However, the structure was revised again for the 2021-22 season, with 32 teams divided into two groups of 16. Each group’s champions are promoted to the Ligue Professionnelle 1, while the worst four teams are demoted to the Inter-Régions Division.

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The Algerian Ligue Professionnelle 1

The Algerian Ligue Professionnelle 1 (also known as the Championnat National de Première Division or Ligue 1 for short) is the professional league for association football clubs in Algeria. It was previously known as the Championnat National 1.

The Ligue de Football Professionnel’s Championnat d’Algérie D1 Nedjma is one of two divisions in the league, the other being Ligue Professionnelle 2. The league is made up of 16 clubs and runs on a promotion as well as a relegation system similar to Ligue 2.

When was the League formed?

When Algeria gained independence in 1962, the league was formed. Only regional leagues (Algiers, Constantine, and Oran) were contested until 1950.

In the first decade of the twentieth century, certain ‘national’ playoffs were held, the first in 1904. Between 1920 and 1956, the winners, together with league winners from Morocco and Tunisia, competed for the North African Championship.

Between 1957 and 1962, the “Algerian championship” was held in Morocco and Tunisia although it was without participation from Morocco and Tunisia.

The FAF started on August 21, 2010, that the league’s name would be changed to Ligue Professionnelle 1 to reflect the league’s professionalization.

Its History

Origins of Algerian football (1897–1962)

The history of football in Algeria is intertwined with that of France. When football first debuted in France in 1872, it inevitably appeared in North Africa about 1894.

The first clubs were established in Oran, with the establishment of CDJ Oran (Club des Joyeuseté) on April 14, 1894. The football department of this club was founded on July 10, 1897. On September 28, 1897, the second club, CAL Oran (Club Athlétique Liberté Oranais), was created with a football department under the name Club Athlétique Liberté Oranais.

As a result, football has grown in popularity in French Algeria for more than half a century, with the establishment of numerous clubs. Then, in 1962, it came to an end when Algeria became the last area in North Africa to secede from French sovereignty, therefore ending colonial French football.

The Division Second edition of the competition, Honneur 1963–1964.

During the 1963–1964 season, the championship is changed once more. Regional tournaments are organized on a system with numerous groups after a fairly difficult competitive season.

 Algerian football leaders have reached a certain elite, with regional finals and final tournaments determining the first champion of the country in some situations.

After a final triumph against his opponent Oran on MC Oran, the ASM Oran was proclaimed regional champion for the Western region or West Division Honneur.

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Qualifications and Wins

With his player-coach Mohamed Boufermès, the USM Annaba, a past USM Bone group winner, qualified for the national tournament. This is MSP Batna’s first and only league championship to date.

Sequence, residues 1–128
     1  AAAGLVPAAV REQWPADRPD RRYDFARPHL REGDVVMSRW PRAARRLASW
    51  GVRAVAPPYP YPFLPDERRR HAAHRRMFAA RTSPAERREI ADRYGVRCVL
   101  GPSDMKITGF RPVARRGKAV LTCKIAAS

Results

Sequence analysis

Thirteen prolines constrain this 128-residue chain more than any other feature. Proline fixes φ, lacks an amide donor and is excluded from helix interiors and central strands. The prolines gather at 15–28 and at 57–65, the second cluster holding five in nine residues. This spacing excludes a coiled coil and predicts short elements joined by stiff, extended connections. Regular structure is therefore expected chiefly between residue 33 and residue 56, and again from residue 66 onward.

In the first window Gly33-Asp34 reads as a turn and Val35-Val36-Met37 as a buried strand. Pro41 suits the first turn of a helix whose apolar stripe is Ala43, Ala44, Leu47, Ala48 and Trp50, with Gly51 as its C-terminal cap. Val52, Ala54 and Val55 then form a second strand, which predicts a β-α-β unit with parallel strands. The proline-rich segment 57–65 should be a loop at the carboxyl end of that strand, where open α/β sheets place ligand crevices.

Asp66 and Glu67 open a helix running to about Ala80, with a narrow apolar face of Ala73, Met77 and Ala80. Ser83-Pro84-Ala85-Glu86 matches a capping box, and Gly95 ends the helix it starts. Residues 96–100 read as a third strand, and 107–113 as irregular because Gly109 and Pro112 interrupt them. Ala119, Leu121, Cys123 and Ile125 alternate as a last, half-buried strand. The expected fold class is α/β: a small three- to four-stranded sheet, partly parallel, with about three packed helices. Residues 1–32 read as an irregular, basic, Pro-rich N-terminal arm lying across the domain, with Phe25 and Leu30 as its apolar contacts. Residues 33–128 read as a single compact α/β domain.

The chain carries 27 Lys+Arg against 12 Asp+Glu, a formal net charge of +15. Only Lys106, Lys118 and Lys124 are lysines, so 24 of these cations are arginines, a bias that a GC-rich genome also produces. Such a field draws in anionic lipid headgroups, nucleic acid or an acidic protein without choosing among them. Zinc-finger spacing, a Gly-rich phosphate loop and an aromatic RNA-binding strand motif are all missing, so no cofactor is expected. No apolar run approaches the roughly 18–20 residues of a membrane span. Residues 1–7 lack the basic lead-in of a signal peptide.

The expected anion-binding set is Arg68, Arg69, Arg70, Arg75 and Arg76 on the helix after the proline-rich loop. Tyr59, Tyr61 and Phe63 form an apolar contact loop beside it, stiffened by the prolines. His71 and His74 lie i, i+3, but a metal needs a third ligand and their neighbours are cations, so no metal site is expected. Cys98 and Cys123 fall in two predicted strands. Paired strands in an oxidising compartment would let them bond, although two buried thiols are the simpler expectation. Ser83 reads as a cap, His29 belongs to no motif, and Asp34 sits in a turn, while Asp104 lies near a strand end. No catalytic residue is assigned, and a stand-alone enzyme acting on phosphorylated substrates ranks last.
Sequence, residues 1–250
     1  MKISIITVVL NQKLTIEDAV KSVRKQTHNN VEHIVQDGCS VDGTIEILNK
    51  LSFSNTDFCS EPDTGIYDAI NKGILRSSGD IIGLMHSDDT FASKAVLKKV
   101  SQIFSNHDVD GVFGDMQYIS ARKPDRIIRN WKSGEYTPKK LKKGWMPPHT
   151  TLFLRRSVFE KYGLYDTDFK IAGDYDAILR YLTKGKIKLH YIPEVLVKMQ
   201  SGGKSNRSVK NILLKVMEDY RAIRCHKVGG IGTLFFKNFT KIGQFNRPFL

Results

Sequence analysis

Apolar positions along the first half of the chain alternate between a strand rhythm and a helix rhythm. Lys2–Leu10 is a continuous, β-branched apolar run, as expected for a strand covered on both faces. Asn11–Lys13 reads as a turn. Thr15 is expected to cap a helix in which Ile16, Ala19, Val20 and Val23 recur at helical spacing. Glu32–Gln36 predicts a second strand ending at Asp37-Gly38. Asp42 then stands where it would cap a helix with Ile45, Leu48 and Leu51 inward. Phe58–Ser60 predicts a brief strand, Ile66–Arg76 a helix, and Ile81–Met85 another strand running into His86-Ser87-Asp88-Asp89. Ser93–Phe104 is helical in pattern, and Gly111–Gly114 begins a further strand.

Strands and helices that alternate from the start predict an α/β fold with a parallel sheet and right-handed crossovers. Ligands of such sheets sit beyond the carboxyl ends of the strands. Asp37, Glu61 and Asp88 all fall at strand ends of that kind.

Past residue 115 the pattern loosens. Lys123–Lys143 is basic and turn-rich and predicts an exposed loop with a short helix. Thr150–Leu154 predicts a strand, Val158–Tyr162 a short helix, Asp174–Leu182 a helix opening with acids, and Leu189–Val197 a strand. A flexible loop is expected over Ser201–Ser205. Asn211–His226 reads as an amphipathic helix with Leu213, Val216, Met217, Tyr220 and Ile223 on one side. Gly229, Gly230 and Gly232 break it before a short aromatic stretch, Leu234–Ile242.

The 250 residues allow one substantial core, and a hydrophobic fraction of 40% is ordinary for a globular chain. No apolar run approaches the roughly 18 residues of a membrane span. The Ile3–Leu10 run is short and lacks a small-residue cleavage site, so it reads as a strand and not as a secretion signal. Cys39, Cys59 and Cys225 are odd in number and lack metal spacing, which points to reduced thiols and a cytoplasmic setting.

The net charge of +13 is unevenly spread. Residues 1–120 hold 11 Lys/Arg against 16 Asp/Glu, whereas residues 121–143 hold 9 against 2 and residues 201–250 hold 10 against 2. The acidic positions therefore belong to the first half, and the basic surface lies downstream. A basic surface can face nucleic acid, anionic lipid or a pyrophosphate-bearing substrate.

The NA Hussein Dey cap on the pole on the final day for the Central Region or Division Honneur Center. Its direct adversary, the CR Belcourt, qualified for the national tournament thanks to goalkeeper season. He annihilated attempts by playmaker chabibiste Hacène Lalmas.

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Division One, or National Division One, is the national elite.

The Algerian Football Federation rebuilt the championship after two competitive seasons in the form of regional competitions with a final national tournament. During the 1964-1965 season, she decided to develop a national championship to direct confrontation.

It was, however, a match between the sixteen top teams from Algeria’s three regional leagues. She cited last season’s results, which included the top five finishers in each of the regional leagues, as well as the season’s regional champions.

So we have the Western Region’s first five teams, the Algiers Region’s first five teams, and the Eastern Region’s first five teams.

Formulas for the First Division

Domination (1965–1971) CR Belouizdad (4 championships)

At this time, the CR Belcourt (later CR Belouizdad) is a new club from the Belcourt district of Algiers, which will be renamed Belouizdad. WRB (Widad Riadhi Belcourt) and CAB (Club Athéltique Belcourt), two former clubs from the same district, merged to form this club.

These two former clubs were recognized for participating in football contests during the French colonial period, as they were both connected with the FFFA (French Football Federation Association) and the LAFA (Latin American Football Association) (League Algiers Football Association).

Its Donations

This team dominated national football in the 1960s, winning four championships between the seasons 1964–1965 and 1970–1971. She put in the effort to win two doubles titles in the seasons 1964–1965 and 1965–19. Seasons 1968–1969 and 1969–1970 are also available.

This team, led by Yahia Ahmed Saadi and then Arab Zitoun, was made up of the top players in Algeria, and it served as the backbone of the national team. Apart from those from French colonial clubs like Racing Universitaire d’Alger’s Hamiti or Gallia Sport Algiers’ Djemaâ.

Its Adversaries

This gifted team excelled in all contests in Algeria and the Maghreb. His two biggest adversaries were the brothers of ES Sétif Salhi, who won the season 1967–1968 title, and MC Oran, who won his first trophy in the season 1970–1971.

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Rivalry: MC Alger (5 titles) – JS Kabylie (4 titles) – (1972–1980)

The team’s most notable achievement during this decade happened during the 1975–1976 season. This team won the Algeria Championship – African Cup of Champion Clubs, an Algerian football first. The JS Kabylie, which has won four league titles in Algeria in the last decade, will continue to challenge the MC Algiers’ domination.